2. Girls have so much pressure in society to be a certain way, act a certain way and be sexy that they really need their childhood protected. It is not that children as young as 11 don't have a sexuality - they most certainly do - it is that it deserves to be protected along with the rest of their youthful freedoms. Sexuality - healthy sexuality - should develop on a personal level, not a public level. By this I mean that young girls should be allowed to explore their feelings and themselves without the pressure of being sexy for someone else. Certainly not an adult or anyone with adult standards. That important stage of development is what is destroyed by sexual abuse of minors, and without that precious self discovery so many women fall into the trap of being sexy or having sex to seek approval, love and self-esteem.

Outrageousness and generally shocking clothing don't get to me. The types that spout off about how this is part of a natural evolution towards more a more revealing dressing style are missing the point. It is one thing for adults to leave the house in something that only technically is a dress, I'm all for that. At the very least, that is amusing to me. Hey, we all like naked ladies, don't we? And adults have adult freedoms, and can determine what is appropriate. But children should be exempt from this. Just like they should be exempt from bikinis, heels, hair dye and false eyelashes. Children need time to be children before being adults. It's not cute, it's not amusing. It's gross.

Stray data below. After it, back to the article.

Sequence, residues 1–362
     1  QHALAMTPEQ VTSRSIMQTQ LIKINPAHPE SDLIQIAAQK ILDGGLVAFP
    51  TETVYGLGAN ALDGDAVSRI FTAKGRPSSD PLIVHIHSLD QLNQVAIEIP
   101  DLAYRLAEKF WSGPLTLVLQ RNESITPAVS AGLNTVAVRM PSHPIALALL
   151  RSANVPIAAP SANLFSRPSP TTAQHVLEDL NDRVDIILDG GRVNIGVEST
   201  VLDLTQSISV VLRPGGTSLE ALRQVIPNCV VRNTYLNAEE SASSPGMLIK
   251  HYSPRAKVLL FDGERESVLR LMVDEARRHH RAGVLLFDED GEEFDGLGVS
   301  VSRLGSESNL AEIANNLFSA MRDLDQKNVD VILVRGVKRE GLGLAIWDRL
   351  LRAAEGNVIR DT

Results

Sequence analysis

So where do you draw the line? I say, if you are too young to purchase and wash your own thong, you are too young to wear it.

Monday, July 20, 2009

Embedding disabled by request.

Click here for a little Monday pick-me-up.

Saturday, July 18, 2009

Illustrator of the Month - July

Michal Majewski died tragically this week while hiking at a music festival in BC. I suppose that is the best way to go - doing the thing that makes you happy. He was a talented musician, artist and music promoter and most of all, an all-round good guy; someone that everyone loved. He will be sadly missed by many.

I have long admired his illustration style. He was the sort of artist that made you feel jealous that he was more talented than you. He blends text and imagery in way that was uniquely his - you always recognized his style on a poster. While you might struggle to figure out what it was advertising (breaking a cardinal rule of graphic design - readability) it simply doesn't matter. His style was so engaging, you wanted to figure out what the poster was all about. That is the sign of a truly successful design.

See a full selection of his gig posters here.
RIP Michal.






Wednesday, July 8, 2009

100 Girls and 100 Octopuses

Special thanks to my dear friend SVCON for sending me this amazingness.

100 Girls and 100 Octopuses, 2005
Acrylic and metallic ink on paper: 98 parts, each 10 x 8 inches, overall 69 x 111 inches

here's the over all painting:

here are some details.




I'm in awe of this, really, fuck, it's amazing.

All 98 are worth a look, so go to the site, and to learn more about Zak Smith, go here.